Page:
D&D General As of 1998, 4,007,685 people played AD&D in the US, as estimated by Ben Riggs.

grimslade

Krampus ate my d20s
This one is a kind of useless conjecture. The walls between BECMI, AD&D, and 2e were more of a curb than a wall. I imagine many more played D&D of some kind, if only for a time or two. Ryan Dancey's estimate range of 8-11 million seems too high but 4 million seems to be missing some data points to be clearer, namely Basic players.
 

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darjr

I crit!
Shannon reposted his response


Ben starts a great discussion on D&D players then & now.

Here was my own response, which of course is highly speculative too:

==
I think it's possible the classic D&D players could be an order of magnitude higher.

To start with, 4 wasn't the standard group size then. It maybe averaged 6-8 based on the player numbers on modules, but anecdotally people often talked about 10-20 member groups.
And then you have to start looking at not just parallel players, but sequential players (e.g., how many players did a single GM lead over time).

That's of course lessened by the number of players who also bought DMGs, but that was also lower, particularly in the '80s. But I think 4 million could easily become 10 million or 20 million or even 40 million.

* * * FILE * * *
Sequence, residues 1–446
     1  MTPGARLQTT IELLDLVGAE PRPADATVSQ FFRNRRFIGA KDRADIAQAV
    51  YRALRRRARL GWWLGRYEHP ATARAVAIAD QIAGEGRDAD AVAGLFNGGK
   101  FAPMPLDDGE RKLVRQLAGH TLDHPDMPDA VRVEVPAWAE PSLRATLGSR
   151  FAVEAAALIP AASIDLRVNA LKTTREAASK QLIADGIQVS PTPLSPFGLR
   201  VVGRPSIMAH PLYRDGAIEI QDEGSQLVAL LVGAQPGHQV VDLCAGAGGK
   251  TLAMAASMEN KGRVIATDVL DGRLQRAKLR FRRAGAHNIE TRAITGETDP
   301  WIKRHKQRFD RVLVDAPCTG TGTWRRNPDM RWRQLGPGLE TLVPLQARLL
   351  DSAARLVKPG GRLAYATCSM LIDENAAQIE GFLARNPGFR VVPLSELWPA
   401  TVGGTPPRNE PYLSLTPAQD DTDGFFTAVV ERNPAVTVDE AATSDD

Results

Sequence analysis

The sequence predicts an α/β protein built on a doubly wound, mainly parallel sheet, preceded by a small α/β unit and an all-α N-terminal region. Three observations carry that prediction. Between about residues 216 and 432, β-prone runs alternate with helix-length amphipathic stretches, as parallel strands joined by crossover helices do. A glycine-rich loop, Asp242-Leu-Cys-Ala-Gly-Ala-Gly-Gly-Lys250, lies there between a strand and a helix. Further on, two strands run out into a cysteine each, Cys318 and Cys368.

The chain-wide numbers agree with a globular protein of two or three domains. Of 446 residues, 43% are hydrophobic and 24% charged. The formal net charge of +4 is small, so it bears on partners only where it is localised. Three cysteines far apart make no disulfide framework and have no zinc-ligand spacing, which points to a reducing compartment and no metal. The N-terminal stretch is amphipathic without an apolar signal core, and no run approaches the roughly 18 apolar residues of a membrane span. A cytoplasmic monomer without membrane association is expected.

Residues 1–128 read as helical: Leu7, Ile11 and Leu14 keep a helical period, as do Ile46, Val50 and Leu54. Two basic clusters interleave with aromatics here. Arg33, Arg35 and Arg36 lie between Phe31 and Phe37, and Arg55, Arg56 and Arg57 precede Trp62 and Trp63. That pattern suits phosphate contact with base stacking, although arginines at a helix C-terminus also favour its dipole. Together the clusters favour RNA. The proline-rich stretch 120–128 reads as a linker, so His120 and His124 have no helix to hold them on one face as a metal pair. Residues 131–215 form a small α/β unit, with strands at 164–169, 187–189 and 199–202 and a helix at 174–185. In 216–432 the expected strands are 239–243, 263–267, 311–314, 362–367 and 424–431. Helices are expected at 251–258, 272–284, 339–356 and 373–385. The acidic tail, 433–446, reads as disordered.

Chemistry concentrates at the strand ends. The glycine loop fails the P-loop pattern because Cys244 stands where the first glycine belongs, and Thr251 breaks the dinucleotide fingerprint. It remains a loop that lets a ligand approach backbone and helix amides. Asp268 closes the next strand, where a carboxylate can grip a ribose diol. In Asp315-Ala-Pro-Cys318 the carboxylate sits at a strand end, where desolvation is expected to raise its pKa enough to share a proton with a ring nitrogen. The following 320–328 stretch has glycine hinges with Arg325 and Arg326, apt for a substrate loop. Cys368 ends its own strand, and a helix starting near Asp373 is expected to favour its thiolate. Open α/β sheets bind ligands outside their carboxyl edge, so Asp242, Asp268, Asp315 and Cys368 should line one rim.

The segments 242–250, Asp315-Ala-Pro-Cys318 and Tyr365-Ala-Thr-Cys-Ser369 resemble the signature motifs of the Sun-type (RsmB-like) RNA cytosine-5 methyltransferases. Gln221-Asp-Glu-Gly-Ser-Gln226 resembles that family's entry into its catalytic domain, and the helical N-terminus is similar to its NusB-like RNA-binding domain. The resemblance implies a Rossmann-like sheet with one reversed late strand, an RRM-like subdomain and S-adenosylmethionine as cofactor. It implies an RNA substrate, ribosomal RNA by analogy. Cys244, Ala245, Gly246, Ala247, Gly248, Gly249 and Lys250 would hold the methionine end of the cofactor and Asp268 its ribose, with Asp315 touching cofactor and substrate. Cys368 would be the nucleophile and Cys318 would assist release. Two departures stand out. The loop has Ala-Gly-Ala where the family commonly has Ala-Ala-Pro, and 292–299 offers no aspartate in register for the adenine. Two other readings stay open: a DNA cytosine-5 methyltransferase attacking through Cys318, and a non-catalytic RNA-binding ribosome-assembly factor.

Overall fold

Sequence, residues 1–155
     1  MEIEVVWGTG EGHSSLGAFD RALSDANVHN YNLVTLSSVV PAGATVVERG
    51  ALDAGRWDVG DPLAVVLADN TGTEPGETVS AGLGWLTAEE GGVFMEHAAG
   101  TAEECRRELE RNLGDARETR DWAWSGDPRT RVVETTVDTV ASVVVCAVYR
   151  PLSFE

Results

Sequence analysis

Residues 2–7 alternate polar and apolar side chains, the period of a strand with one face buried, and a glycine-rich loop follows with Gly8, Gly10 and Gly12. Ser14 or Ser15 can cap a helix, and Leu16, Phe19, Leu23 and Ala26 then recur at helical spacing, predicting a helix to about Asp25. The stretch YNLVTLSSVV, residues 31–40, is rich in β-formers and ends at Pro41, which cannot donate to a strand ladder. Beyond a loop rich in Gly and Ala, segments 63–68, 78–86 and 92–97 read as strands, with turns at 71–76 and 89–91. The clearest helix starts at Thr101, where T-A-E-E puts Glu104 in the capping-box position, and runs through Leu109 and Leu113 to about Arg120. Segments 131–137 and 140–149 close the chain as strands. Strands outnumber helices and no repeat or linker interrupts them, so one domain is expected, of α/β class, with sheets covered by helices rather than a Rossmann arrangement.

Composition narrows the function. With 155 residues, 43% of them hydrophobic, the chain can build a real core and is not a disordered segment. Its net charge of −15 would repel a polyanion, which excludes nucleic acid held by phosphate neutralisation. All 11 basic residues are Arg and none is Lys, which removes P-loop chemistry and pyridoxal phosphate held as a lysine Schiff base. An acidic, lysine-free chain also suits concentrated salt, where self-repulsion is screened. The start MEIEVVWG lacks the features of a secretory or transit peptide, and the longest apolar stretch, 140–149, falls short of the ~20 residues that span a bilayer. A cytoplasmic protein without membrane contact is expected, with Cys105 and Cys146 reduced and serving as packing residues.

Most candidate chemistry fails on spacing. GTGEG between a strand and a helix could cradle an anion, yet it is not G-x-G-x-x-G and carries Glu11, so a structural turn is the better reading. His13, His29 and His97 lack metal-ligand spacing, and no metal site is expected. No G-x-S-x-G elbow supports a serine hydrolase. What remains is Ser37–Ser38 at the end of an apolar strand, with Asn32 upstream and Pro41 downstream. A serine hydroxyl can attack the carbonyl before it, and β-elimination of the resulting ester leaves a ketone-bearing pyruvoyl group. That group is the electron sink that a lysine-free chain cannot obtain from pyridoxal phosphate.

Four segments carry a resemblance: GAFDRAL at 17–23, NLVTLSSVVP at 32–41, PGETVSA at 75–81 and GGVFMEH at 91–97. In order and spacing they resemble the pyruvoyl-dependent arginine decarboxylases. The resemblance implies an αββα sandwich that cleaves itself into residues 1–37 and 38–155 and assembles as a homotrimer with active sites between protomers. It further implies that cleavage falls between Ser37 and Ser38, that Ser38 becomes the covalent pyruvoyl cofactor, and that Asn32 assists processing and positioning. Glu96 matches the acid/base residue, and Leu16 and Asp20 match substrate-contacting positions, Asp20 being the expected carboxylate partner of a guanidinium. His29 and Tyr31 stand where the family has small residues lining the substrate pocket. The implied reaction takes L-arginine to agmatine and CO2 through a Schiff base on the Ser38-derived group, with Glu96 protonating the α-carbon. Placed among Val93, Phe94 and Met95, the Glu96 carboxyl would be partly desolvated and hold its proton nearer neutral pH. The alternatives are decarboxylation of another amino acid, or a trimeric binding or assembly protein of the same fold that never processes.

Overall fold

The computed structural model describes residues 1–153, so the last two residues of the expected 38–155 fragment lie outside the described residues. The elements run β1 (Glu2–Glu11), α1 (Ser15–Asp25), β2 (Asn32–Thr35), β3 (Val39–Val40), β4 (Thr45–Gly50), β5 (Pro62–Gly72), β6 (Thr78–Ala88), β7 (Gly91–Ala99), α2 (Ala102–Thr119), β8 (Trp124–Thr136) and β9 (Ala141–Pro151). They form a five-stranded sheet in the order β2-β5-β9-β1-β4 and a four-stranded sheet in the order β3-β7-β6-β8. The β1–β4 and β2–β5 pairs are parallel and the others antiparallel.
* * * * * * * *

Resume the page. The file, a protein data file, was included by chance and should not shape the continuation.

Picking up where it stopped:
(But a lovely discussion point whatever the answer is; thank you!)
==


 


John Lloyd1

Explorer
Ryan Dancy also replied to me clarifying he thinks it could be 8 to 5 million.
I was thinking about the way the numbers of Players Manuals being only slightly higher than the number of DMGs impacts this (re: Dancy's and Shannon's numbers). Would this pull down the ratio of players to DMGs? I can't imagine 6-8 players sharing one Players Manual as being very common. (Let alone 10-20).
 

overgeeked

B/X Known World
I was thinking about the way the numbers of Players Manuals being only slightly higher than the number of DMGs impacts this (re: Dancy's and Shannon's numbers). Would this pull down the ratio of players to DMGs? I can't imagine 6-8 players sharing one Players Manual as being very common. (Let alone 10-20).
You only needed the PHB for character creation, leveling up, and spells. Unless the party is all casters, you don't all need PHBs. Creating characters also only took 10 minutes. Leveling up...depending on your class, maybe 5 at most. Find your class, write stuff down, close the book. Picking spells was the roughest. But most DMs, in my experience at least, would make you roll for it so there was no analysis paralysis. Lending books between sessions was also quite common. "Bill needs the week to pick spells, so if anyone needs the book between now and next weekend, talk to Bill." Photocopying your class out of the book was also quite common. As was photocopying the equipment section. And the spell lists. And the attack matrix. Xerox machines, man. People were poor and wanted to play.
 

Zardnaar

Legend